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What is the Global Green Deal?

What is the Global Green Deal?

The European Union has positioned itself as a global climate leader by strengthening its emission reduction targets and investing heavily in clean energy, green technology, research and development. It is known that if our industry, energy, transportation and food systems do not change, we may face a temperature increase of more than 3 ° C in this century.

As we approach the end of 2020, Europe's hottest year at a record level, the European Union has made a collective decision to reduce its greenhouse gas (GHG) emissions by at least 55% by 2030 from 1990 levels. EIB (European Investment Bank) also supports this effort with its financial power.

Climate action requires extensive structural change and massive investment around the world. In Europe alone, meeting the new 2030 emission reduction target will require an additional investment of an estimated € 350 billion ($ 417 billion) annually. However, this figure is marginal compared to the cost of doing nothing. The EIB (European Investment Bank) is committed to supporting 1 trillion Euros of investment in climate action and environmental sustainability in the next decade.

However, financing alone will not get us where we need to go. We also need a roadmap, so the European Commission launched the European Green Deal in December 2019. As Europe's new growth strategy aims to transform the EU into a fairer, more prosperous society by guiding a more resource-efficient transition. Ultimately, the goal is to achieve net-zero GHG emissions by 2050.
However, the EU represents less than 10% of global emissions, so Europe's action alone will not be enough to slow global warming. We must support decarbonization efforts beyond our borders to keep the global temperature rise as close to 1.5 ° C as possible. Therefore, there is a need for a Global Green Deal.

For this purpose, three investment priorities have been determined:

1. First of all, it should be ensured that the most advanced clean technologies are adopted everywhere. Despite good progress in renewable energy distribution, 40% of the world's electricity is still generated from coal, the dirtiest energy source. With the economic development, there must be more demand for electricity and therefore a responsibility to adopt green technology solutions. Europe is ready to invest in everything from green electrification programs in Africa to industrial decarbonisation projects in Asia to battery distribution in Latin America. The EIB will use its resources, both financially and with know-how, to capitalize on more private sector investment in this critical area to support climate adaptation efforts.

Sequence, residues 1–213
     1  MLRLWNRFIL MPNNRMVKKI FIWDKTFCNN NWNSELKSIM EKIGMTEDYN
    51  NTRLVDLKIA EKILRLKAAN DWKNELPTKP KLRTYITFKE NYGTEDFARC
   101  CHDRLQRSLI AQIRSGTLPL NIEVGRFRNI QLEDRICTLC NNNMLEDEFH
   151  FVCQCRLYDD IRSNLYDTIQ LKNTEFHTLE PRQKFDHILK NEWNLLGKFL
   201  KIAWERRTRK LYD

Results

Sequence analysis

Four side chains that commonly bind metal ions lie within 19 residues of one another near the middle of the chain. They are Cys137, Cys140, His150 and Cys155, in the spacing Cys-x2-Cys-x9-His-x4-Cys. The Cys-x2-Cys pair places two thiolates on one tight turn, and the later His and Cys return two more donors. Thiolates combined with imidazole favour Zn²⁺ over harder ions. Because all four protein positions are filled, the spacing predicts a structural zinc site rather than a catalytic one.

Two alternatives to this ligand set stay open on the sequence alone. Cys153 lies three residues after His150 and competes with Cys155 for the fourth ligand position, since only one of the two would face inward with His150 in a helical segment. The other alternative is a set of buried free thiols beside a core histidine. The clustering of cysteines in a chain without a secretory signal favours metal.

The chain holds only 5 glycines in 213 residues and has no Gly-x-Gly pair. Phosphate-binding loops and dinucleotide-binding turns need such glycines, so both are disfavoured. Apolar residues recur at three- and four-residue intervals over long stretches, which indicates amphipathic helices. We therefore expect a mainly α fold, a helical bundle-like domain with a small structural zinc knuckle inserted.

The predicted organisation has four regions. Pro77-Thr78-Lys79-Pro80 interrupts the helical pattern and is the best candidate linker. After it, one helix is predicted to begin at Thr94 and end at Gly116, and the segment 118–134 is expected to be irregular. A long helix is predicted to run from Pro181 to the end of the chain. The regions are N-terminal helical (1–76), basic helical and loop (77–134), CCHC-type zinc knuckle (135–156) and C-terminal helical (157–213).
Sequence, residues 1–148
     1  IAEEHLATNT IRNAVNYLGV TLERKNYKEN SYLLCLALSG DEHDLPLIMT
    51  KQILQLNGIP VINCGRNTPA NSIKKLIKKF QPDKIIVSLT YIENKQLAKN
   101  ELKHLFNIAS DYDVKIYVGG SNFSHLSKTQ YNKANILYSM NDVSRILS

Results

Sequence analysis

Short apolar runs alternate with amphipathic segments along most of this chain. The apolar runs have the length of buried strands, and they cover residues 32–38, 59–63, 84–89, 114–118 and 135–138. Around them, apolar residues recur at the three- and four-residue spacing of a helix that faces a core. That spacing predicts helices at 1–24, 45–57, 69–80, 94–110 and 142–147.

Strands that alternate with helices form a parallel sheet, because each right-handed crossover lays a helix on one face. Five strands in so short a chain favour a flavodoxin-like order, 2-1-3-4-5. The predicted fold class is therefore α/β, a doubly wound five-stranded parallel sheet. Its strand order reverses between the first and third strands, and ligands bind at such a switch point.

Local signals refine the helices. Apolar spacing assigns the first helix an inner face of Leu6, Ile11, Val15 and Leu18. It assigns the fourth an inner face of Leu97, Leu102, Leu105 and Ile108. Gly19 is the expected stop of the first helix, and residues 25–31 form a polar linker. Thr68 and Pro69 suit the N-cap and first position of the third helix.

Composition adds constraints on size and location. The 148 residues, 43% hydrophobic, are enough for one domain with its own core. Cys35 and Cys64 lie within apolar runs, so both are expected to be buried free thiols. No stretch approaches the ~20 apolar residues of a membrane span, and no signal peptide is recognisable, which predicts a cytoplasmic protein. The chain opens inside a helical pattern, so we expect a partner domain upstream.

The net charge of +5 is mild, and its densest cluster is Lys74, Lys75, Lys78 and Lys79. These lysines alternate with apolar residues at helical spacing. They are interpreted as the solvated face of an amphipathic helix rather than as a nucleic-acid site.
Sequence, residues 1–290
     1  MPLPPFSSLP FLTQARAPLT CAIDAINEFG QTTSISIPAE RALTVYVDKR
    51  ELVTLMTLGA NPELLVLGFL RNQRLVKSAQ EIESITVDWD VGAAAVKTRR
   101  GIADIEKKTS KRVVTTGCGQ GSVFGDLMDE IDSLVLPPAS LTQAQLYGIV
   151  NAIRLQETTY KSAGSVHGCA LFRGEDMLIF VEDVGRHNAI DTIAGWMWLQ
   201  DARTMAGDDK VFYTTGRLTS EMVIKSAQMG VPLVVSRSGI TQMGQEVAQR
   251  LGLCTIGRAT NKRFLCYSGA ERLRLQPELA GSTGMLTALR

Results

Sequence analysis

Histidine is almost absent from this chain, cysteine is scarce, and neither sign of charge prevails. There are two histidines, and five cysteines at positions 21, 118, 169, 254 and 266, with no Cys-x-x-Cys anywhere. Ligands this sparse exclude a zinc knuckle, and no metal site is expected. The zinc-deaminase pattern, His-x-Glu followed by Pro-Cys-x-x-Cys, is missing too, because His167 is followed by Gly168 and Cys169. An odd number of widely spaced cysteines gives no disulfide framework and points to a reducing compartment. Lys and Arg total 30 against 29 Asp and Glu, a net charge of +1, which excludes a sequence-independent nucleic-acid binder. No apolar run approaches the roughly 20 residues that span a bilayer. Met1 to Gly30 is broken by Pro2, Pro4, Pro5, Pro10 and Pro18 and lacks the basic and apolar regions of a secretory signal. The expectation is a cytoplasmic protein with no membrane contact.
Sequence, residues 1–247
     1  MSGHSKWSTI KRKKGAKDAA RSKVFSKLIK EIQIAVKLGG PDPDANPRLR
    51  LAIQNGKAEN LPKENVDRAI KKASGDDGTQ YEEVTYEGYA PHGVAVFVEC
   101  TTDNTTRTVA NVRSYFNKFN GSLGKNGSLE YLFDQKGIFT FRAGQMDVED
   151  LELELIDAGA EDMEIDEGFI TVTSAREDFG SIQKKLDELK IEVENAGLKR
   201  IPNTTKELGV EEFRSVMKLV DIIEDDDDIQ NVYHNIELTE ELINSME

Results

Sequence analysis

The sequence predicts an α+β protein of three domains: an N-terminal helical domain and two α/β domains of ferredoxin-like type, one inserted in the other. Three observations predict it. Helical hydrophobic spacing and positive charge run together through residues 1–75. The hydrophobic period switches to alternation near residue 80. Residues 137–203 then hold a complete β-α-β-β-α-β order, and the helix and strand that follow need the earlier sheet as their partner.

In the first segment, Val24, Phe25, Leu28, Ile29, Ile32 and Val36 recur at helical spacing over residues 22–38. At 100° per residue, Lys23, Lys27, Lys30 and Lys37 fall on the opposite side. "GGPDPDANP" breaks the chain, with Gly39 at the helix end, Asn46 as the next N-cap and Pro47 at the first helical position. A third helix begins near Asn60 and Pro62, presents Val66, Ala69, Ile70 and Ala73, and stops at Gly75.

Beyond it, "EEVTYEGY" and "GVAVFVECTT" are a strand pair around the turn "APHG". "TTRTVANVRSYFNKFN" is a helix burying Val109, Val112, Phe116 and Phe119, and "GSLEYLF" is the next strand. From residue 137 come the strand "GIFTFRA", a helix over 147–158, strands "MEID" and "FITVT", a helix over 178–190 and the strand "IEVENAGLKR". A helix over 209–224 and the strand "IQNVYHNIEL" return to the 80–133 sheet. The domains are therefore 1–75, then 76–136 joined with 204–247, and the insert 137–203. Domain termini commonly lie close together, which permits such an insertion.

2. The second priority is to invest in groundbreaking green technologies like never before. Such research and development are both essential and an enormous market opportunity. Already, a group of countries representing half of the world's greenhouse gas emissions have adopted the "net zero" targets and others will surely follow. All of them will need European technology and investment to reach the Net Zero goal. Clean hydrogen, renewable energy and energy storage solutions can all become vibrant EU export sectors.

3. Finally, the idea of ​​a "circular economy" needs to be adopted. As the situation continues, more is being extracted from our planet than it can give us, and the effects of this overconsumption will become increasingly dramatic and devastating with each passing year. The environmental and carbon footprint of the goods we consume must be reduced urgently. To do this, one must invest in cyclic technologies that reuse resources rather than constantly producing or importing new products and extracting more raw materials. The circular economy has great potential to reduce our dependence on scarce resources and create jobs. As Europe emphasizes, the Green Deal is not just an environmental policy; it is an economic and geopolitical necessity.


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